The horn parts were also a significant undertaking. The score called for four trumpets and four trombones, including one bass trombone. I worked with Berlin-based musician Kelly O’Donohue for this. 

I really liked her style of playing and was impressed by the ideas she brought to her performance. Her work on these tracks really brought them to life. She also went above and beyond and double-tracked each part, providing a fuller sound.

Here is a clip from her trumpet performance:

And here is Kelly playing the trombone part:

Finding someone to record the bass trombone part was a challenge. A couple players I contacted were separated from their bass trombones due to the pandemic. Apparently a bass trombone is something you keep in storage unless you really need it.

Fortunately Venezuelan trombonist Victor Fuenmayor, aka “Victrombon,” had his bass at the ready. I really like how he performed this one track. It’s not a part that ever really stands out in the mix, but it’s really important to establishing the low end in the horns. It also has some tricky timing that Victor nailed.

Here is a clip:

Next I focused on the saxophone parts. This was especially exciting because it offered the chance to work with two-time Grammy Award winner Fabian Hernandez

When I started this project, I never would have imagined having a Grammy-winning artist helping record grandma Leona’s song. So it was a thrill to have Fabian’s help.

Predictably, Fabian’s tracks were awesome. His playing is so smooth. The harmonies in his alto and tenor sax parts sound incredible.

Take a listen to this excerpt:

Originally, Fabian was going to play the baritone sax part too. But during his work on this song, he discovered that the heat in his Austin, Texas, garage had unset the pads on his bari sax. It was unplayable.

So I turned to Ukrainian multi-instrumentalist Dima Faustov. He nailed the part:

With that, I felt like the instrumentation was in place. I spent roughly the next month working on an instrumental mix for the song.

While doing this, I also began working on the vocal arrangement. Up until this point I felt very comfortable working on the song. I have experience writing, playing and recording instrumental music. But working with vocals was entirely new to me.

Early on, I realized there was a potential problem in the lyrics. Grandma Leona had structured the song to have a four-bar instrumental introduction, then one 12-bar verse. After this, there is a 32-bar chorus that repeats twice.

The chorus both begins and ends with the lyrics “I am dreaming of no one but you.” So the problem is that phrase is repeated twice in a row as it ends the first chorus and begins the second.

To get around this, I decided that in the second chorus we could drop the lyrics and do an eight-bar spoken word segment at the beginning of the second chorus. It was pretty common during this song’s era for singers to just start talking in the middle of a song. It seemed like a good gimmick to use here.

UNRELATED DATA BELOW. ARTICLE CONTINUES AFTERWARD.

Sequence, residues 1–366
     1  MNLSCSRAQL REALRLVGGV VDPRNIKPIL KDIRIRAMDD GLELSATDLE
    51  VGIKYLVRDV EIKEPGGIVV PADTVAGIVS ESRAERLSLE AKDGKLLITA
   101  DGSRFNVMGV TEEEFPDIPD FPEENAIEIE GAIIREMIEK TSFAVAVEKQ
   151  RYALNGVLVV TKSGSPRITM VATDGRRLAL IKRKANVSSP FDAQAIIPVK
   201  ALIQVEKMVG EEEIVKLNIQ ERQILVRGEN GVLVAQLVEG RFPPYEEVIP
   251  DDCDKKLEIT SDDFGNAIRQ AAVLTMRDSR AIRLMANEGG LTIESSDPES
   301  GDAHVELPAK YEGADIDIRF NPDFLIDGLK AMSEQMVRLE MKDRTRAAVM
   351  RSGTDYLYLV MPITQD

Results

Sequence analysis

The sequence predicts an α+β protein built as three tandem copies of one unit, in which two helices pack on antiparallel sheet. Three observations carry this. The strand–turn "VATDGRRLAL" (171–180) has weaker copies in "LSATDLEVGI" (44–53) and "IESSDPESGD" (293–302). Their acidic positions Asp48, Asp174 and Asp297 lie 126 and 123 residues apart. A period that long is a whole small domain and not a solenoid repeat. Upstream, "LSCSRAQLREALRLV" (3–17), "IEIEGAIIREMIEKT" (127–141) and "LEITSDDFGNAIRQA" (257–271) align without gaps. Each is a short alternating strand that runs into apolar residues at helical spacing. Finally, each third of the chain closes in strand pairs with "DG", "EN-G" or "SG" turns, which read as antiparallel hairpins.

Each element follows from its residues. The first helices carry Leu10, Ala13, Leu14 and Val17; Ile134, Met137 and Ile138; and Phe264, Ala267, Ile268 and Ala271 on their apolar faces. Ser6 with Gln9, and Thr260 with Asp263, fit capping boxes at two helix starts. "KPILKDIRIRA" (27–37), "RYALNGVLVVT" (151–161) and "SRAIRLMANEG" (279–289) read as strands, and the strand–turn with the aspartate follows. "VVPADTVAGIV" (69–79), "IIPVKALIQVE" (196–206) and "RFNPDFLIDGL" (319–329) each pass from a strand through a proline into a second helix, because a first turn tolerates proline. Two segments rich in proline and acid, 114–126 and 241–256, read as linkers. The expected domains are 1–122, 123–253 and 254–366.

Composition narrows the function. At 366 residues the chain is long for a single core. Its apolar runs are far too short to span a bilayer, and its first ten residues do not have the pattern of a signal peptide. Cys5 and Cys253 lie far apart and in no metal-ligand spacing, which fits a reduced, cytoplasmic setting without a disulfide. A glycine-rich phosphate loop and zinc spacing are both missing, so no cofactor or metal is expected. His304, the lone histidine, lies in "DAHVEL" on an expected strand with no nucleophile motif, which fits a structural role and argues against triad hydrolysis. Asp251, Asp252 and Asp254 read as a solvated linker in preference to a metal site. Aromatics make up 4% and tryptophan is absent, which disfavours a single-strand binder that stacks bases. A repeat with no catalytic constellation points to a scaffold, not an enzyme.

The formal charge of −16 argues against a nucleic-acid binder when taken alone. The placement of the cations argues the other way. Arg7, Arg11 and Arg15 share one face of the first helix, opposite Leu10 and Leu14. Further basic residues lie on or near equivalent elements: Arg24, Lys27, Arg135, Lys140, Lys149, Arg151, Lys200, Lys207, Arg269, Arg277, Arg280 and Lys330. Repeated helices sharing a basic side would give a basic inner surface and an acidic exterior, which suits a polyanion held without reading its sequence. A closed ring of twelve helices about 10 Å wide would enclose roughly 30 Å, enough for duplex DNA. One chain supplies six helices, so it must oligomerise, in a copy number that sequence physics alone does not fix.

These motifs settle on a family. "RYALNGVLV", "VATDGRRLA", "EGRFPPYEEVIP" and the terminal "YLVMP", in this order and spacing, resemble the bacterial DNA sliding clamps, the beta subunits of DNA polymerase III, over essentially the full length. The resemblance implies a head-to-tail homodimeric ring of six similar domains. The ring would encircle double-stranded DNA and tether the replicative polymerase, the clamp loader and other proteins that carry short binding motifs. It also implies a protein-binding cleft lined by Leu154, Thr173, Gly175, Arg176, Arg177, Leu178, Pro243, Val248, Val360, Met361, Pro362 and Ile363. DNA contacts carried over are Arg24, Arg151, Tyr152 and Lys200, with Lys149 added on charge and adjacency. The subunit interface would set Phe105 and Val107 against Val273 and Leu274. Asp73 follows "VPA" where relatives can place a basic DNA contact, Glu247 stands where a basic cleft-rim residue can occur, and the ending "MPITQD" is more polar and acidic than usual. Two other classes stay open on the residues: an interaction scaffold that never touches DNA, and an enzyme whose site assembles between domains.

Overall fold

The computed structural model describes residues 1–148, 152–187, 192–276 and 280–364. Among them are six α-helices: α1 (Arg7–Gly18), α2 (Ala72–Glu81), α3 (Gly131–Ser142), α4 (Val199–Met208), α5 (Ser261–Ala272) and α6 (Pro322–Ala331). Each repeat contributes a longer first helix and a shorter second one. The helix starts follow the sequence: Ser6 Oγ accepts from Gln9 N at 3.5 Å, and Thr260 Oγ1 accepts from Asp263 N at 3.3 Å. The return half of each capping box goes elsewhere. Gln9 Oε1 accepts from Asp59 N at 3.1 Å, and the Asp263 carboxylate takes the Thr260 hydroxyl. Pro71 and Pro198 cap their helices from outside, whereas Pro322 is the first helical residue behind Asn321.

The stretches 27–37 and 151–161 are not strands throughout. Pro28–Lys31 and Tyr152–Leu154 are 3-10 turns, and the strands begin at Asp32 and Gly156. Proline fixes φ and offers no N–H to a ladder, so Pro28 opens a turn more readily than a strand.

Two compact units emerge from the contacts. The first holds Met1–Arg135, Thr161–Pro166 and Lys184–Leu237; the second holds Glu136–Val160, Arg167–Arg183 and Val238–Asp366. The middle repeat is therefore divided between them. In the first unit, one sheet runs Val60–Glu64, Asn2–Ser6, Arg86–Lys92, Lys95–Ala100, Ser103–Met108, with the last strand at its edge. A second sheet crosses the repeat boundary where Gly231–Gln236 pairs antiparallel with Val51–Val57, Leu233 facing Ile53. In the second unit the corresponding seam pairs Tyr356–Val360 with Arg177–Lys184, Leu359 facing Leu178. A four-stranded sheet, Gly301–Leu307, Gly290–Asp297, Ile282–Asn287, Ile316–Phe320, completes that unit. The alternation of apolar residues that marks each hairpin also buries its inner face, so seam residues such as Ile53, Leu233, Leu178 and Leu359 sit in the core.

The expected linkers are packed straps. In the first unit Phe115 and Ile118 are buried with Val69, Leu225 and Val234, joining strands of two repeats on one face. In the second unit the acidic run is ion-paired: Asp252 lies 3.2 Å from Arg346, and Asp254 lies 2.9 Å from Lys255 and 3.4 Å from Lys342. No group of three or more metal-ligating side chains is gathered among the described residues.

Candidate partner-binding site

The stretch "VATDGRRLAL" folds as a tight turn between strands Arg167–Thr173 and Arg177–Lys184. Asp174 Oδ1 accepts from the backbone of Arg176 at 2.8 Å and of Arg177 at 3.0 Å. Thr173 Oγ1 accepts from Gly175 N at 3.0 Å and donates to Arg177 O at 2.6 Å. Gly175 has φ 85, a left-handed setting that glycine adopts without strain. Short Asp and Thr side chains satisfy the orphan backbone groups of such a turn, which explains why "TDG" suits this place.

Making things even more complicated, I also had a vision to do the song as a duet between a female and male singer — sometimes singing individually while other times in harmony.

I decided to seek help from Benjamin Lyth in putting together the vocal arrangement. I spent about a month working with Benjamin — who is a terrific singer — to figure out how the female and male parts should work together. 

In some places we envisioned having just one singer. In other places they would sing together — sometimes in octaves, other times in harmony. It was a lot to figure out.

That said, working with Benjamin was probably the most fun I had collaborating with someone on this project. There’s a lot of his creativity in the vocal arrangement.

It was especially hilarious to trade tracks as we tried to figure out the female vocal line. I’m not going to post them here, but there are several demos of us straining to do the female vocals we’d written. Benjamin likened his voice to Marge Simpson, while I think I sounded more like Miss Piggy. Anyway, it wasn’t always pretty but we did eventually figure out the vocals. Here is the vocal score that Benjamin produced. 

Now I just needed to find the right singers. For the female part, Benjamin recommended Emily Clarke, a singer he knew. Emily has an incredible voice. I could easily see her voicing a Disney princess some day. Emily shares clips of herself singing on YouTube.

Here’s a nice one:

When I was looking for a male singer, one guy stood out immediately: Wyatt Michael. He’s a young singer with a classic voice. I feel lucky to have found him and worked with him on this song before he inevitably gets famous.

The takes I did with Emily and Wyatt were as smooth as can be. Wyatt did his take first, then Emily recorded hers. It was really cool to hear both singers put their own style into the parts. The tracks they recorded stayed true to the arrangement except at the very end. 

Wyatt had a great idea to slightly alter the ending of the song. Then Emily worked out a very special concluding line to go with Wyatt’s part.

For me, it was just sitting back and watching the magic happen.

“I’m Dreaming of No One But You” was finally released on January 15, 2021 — on what would have been grandma Leona’s 106th birthday.

Check here for information about how to stream or download “I’m Dreaming of No One But You.”